Ten “Body Cues” to Help Women Predict Future Health Problems

It is important to take the right preventative steps now to avoid health problems later on life. However, sometimes it is difficult to pinpoint which health problems will be the biggest stumbling blocks for you in the future. Often, doctors rely on family history to predict health issues, which doesn’t always guarantee you will exhibit the same health problems. But, according to scientists, women may be able to predict potential future health problems by simply listening to their body’s cues. In fact, women can use at least 10 indicators to predict future health problems.

  • 1. Arm length: although this indicator may seem a little illogical, Tufts University researchers found that women with arm spans shorter than 60 inches were more likely to develop Alzheimer’s later on in life. The reason? Nutritional deficits in the developmental years may predispose an individual to also have lessened cognitive abilities later on in life. However, there is something you can do to prevent a descent into Alzheimer’s disease. Doctors suggest taking up a hobby that will force you to use your arms and other appendages. In fact, a five year study at the Alzheimer’s Disease Center at Rush University Medical Center, found that women who spent time engaged in leisure activities were 2.5 times less likely to develop Alzheimer’s disease. Specifically, hobbies force the brain to practice its cognitive abilities and keep it from deteriorating as rapidly.
  • 2. Finger length: another strange indicator, but one that can be equally as important as arm length. In fact, women who have index fingers shorter than their ring fingers are more prone to osteoarthritis. The science behind this factor is that women who have predominantly male characteristics also have lower levels of estrogen, which can lead to osteoarthritis. However, prevention is simple: exercise the muscles around the knees.
  • 3. Height: unfortunately, according to scientists women who are taller than 5 foot 2 inches might be missing a gene mutation that will help them to reach their 100th birthday. Nevertheless, tall women can take heart: basic health habits to improve longevity still work. In other words, quit smoking, cut back on alcohol and eat less red meat.
  • 4. Leg length: stockier legs can mean more liver problems. According to a group of British researchers, women with legs between 20 and 29 inches around tend to have higher levels of four enzymes that predict liver disease. Yet, simple dietary changes can impede liver disease from developing. Specifically, avoid consuming additional toxins for your liver to process, particularly alcohol. Also, wear gloves when working with toxic cleaning products.
  • 5. Sense of smell: according to a study published in the “Annals of Neurology”, older adults who weren’t able to smell cinnamon, bananas, or lemons were five times more likely to develop Parkinson’s disease within four years. Specifically, the area of the brain responsible for olfactory function may be one of the first affected by Parkinson’s. In spite of this fact, adding omega three fish oil supplements to the diet can boost the brain’s resistance to MPTP, a toxin associated with Parkinson’s.
  • 6. Earlobe crease: surprisingly, wrinkles in the earlobe can predict future cardiovascular problems. Although it seems odd, researchers say that wrinkles in the earlobe indicate a loss of elastic fibers that lead to the crease in the earlobe as well as hardening of the arteries. Again, simple dietary changes as well as increasing physical activity can help keep your heart healthy.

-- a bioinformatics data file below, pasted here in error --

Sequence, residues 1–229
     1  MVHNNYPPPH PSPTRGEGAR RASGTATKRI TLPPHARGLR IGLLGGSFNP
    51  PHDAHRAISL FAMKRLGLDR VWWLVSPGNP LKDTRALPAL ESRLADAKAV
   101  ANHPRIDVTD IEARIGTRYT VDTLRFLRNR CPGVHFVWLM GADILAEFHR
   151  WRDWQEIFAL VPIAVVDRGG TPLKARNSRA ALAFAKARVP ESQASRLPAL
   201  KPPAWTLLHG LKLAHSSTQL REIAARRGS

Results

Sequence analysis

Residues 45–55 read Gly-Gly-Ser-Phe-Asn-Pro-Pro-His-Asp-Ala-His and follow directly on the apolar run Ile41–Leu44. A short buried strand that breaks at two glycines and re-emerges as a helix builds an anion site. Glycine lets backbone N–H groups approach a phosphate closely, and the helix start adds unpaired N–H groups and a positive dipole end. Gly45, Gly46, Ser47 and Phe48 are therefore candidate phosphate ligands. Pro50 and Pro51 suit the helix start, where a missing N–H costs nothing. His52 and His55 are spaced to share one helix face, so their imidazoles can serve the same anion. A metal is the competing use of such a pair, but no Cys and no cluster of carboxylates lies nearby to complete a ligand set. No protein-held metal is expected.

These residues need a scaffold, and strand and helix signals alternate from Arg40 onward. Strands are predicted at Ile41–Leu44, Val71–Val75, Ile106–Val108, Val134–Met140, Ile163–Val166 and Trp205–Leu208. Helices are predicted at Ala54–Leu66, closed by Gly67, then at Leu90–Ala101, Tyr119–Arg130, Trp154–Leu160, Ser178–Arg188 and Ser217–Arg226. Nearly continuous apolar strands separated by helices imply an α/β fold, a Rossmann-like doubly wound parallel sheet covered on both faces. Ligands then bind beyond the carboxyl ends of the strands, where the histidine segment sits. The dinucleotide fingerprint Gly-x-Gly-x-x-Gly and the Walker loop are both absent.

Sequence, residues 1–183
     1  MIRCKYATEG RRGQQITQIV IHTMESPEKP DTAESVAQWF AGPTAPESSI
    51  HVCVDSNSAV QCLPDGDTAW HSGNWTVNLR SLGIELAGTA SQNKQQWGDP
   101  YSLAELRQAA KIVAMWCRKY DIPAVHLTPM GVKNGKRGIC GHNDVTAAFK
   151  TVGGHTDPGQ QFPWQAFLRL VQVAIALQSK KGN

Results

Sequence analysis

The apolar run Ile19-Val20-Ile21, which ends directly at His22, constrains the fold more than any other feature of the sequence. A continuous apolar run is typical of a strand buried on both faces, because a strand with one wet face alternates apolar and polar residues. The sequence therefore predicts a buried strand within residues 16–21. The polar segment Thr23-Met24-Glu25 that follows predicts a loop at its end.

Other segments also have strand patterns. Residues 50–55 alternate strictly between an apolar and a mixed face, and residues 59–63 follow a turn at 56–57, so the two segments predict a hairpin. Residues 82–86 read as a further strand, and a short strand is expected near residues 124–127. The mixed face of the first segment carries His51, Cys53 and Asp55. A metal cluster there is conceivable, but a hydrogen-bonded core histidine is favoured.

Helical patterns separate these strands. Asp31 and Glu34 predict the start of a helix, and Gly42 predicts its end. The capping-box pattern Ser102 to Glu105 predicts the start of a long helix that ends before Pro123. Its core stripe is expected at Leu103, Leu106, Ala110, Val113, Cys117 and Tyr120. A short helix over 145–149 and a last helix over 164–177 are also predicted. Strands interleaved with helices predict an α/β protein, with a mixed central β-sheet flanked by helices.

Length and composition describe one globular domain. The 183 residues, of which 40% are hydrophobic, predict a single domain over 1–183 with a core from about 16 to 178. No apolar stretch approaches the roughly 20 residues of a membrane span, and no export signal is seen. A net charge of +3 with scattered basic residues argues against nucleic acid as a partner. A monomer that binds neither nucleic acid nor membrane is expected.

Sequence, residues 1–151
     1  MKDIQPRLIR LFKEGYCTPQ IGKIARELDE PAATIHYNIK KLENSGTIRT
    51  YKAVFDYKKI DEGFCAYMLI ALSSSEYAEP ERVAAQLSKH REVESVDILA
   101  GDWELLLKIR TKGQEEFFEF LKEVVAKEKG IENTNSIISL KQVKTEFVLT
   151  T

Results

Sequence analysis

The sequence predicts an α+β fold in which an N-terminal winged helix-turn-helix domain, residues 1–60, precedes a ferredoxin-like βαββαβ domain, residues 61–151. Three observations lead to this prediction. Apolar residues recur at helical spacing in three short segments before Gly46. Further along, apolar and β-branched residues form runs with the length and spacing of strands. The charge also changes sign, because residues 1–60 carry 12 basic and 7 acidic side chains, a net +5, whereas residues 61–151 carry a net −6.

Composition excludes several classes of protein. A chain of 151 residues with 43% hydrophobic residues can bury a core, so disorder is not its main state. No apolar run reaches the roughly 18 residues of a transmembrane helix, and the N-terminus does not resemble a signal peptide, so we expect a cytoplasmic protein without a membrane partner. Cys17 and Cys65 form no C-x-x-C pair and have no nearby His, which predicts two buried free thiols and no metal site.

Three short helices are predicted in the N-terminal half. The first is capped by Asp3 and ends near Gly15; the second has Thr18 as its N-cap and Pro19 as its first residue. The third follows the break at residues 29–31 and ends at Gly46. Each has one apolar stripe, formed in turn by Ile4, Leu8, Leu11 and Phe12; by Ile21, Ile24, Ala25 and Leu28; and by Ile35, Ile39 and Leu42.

• 7. Jean size: a larger abdomen, especially for women in their 40s, can eventually lead to cognitive decline. The reason is that visceral fat (fat usually found in the abdomen) can cause the body to secrete hormones that lead to cognitive decline. However, eating a lower fat, Mediterranean- style diet with controlled portion sizes, can help you lose weight. Furthermore, the fatty-acids in most Mediterranean foods prevent the accumulation of visceral fat.
  • 8. Bra size: women who wear a size D bra or larger at age 20 were 1.5 times more likely to develop Type 2 Diabetes. Researchers suspect that since the breasts are hormonally sensitive, they could be responsible for influencing insulin resistance, which can lead to diabetes. The best preventative measure is to exercise. Aerobic exercise, especially with high levels of intensity intervals, can help to regulate blood sugar.
  • 9. Calf size: although it may seem counterintuitive, French researchers found that women with smaller calves were more likely to develop carotid plaque in their arteries, a risk factor for stroke. The researchers hypothesized that the subcutaneous fat in larger calves helps to pull fatty acids from the bloodstream and then stores it. Since fat in the calves poses a low risk factor for stroke compared to other areas of the body, women with larger calves have less of a stroke risk. However, instead of attempting to “bulk up” the calves, doctors suggest drinking green tea to stay heart healthy.
  • 10. Blood type: people with Type O blood were less likely to develop pancreatic cancer when compared to individuals with Types A, B, or AB blood. This may indicate that certain blood types carry a genetic risk for developing pancreatic cancer. Taking a vitamin D supplement could decrease your risk: adults who consume 300 IU or more daily decreased their risk by up to 44%.

Overall, while you may not be able to change your genetic predisposition to certain health problems, you can take preventative measures to help decrease the likelihood that you will develop family diseases. Now, with these additional “risk indicators” for health problems, you can know even sooner if you should be doing more to protect yourself from certain diseases.